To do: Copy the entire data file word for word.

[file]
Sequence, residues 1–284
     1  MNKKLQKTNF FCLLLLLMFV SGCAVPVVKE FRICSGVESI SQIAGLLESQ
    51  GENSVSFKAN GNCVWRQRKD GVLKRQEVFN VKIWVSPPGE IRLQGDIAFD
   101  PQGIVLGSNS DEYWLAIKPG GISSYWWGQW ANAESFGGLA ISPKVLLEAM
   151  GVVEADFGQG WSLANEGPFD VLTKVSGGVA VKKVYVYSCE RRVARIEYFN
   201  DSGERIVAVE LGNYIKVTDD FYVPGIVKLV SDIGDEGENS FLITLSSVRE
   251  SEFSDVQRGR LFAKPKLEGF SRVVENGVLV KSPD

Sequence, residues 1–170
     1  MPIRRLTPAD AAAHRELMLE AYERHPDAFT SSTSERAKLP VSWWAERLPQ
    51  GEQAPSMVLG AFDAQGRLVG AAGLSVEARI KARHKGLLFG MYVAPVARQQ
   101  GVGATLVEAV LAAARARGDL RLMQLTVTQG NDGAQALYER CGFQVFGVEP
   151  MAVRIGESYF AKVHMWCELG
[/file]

Sequence, residues 1–284
     1  MNKKLQKTNF FCLLLLLMFV SGCAVPVVKE FRICSGVESI SQIAGLLESQ
    51  GENSVSFKAN GNCVWRQRKD GVLKRQEVFN VKIWVSPPGE IRLQGDIAFD
   101  PQGIVLGSNS DEYWLAIKPG GISSYWWGQW ANAESFGGLA ISPKVLLEAM
   151  GVVEADFGQG WSLANEGPFD VLTKVSGGVA VKKVYVYSCE RRVARIEYFN
   201  DSGERIVAVE LGNYIKVTDD FYVPGIVKLV SDIGDEGENS FLITLSSVRE
   251  SEFSDVQRGR LFAKPKLEGF SRVVENGVLV KSPD

Sequence, residues 1–170
     1  MPIRRLTPAD AAAHRELMLE AYERHPDAFT SSTSERAKLP VSWWAERLPQ
    51  GEQAPSMVLG AFDAQGRLVG AAGLSVEARI KARHKGLLFG MYVAPVARQQ
   101  GVGATLVEAV LAAARARGDL RLMQLTVTQG NDGAQALYER CGFQVFGVEP
   151  MAVRIGESYF AKVHMWCELG